Advanced data views: Better observability, more control
At Hosted Graphite, we process billions of datapoints every day. We aggregate every metric you send us -- ten different ways. These data views give you more control over what you see and at the most appropriate resolution. It’s an advanced feature we offer that makes it easier to analyse your data, set up effective alerts and take action right when you need to.
Storage and how we differ from standard Graphite
The default Graphite storage backend, Whisper, is a fixed-size database comprising multiple “archives” of varying resolution - e.g. 10s, 30s, 300s, 3600s.
When a datapoint arrives, it is added to each archive separately: the finer resolution as-is and the coarser resolutions using a configurable aggregation function.
A problem might occur with the finest resolution, where the “last write” wins. So if you send many datapoints for your metric within one 10s period, all but the last are lost. This means, for example, that it’s difficult to send to the same metric from multiple writers, and that writers have to be careful to either “pre-aggregate” data or use something like carbon-aggregator in front of Whisper.
StatsD (hosted yourself or using our Hosted StatsD feature) will also help with avoiding this last-write-wins behaviour, but it has the unfortunate side effect of creating many more output metrics as it splits out the different views. This explodes your metric count, but using the data views feature you can have better data and with fewer metrics.
We built Hosted Graphite from the ground up to be multi-tenant and highly reliable. As such, we needed storage that handled data for many customers at once and which could easily survive partial outages (e.g. a missing machine). Building something like this around Whisper is possible, but it’s relatively difficult to get the clustering parts right. Instead, we settled on Riak as the basis of our data store. This meant that we had an opportunity to improve on Whisper’s last-write-wins behaviour.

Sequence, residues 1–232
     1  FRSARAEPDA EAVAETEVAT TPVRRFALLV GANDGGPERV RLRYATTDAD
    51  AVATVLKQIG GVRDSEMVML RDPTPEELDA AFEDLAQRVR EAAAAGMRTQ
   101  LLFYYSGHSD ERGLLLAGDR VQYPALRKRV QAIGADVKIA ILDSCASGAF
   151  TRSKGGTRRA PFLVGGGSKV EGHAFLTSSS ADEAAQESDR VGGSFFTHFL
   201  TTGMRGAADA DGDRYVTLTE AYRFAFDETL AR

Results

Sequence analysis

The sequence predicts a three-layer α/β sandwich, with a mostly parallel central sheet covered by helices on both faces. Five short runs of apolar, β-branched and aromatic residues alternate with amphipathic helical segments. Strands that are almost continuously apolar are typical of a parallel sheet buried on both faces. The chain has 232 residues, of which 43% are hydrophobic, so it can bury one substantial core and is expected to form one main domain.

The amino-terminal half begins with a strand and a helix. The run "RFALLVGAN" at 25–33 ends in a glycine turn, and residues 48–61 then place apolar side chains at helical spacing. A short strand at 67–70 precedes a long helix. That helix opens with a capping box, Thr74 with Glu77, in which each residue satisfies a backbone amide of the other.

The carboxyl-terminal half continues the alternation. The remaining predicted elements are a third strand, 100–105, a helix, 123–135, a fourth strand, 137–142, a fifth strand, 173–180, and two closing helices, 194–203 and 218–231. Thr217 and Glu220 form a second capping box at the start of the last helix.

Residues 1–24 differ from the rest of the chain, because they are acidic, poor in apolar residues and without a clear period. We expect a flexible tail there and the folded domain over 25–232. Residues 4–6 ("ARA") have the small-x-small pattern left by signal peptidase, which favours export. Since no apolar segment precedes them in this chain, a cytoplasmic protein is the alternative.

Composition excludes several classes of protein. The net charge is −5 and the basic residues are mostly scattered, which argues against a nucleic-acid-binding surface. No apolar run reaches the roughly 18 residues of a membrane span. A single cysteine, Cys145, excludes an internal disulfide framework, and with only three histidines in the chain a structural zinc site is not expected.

Instead of a single datapoint, we store a kind of summary of all data received in a resolution period, which we call a bucket.
How it works
When a user sends a metric observation (or "datapoint") O to Hosted Graphite, it is added to a set of buckets inside our aggregation service.
By default, these buckets represent each of 5s, 30s, 300s, and 3600s resolutions. For dedicated cluster users, these resolutions are configurable.
The aggregation service maintains one bucket of each resolution per metric for a given period. e.g. for an N-second resolution, one such bucket could be sent from the aggregation service to storage every N seconds, and a new one started.
A bucket is laid out as follows:
This allows us to show multiple views of the same data and forms the basis of the Hosted Graphite data views feature. All metrics sent to us have these data views created for them. This allows users to access all of this summary data and controls which of the different fields inside each bucket is extracted and available to view.
By default you get the average for a particular resolution period.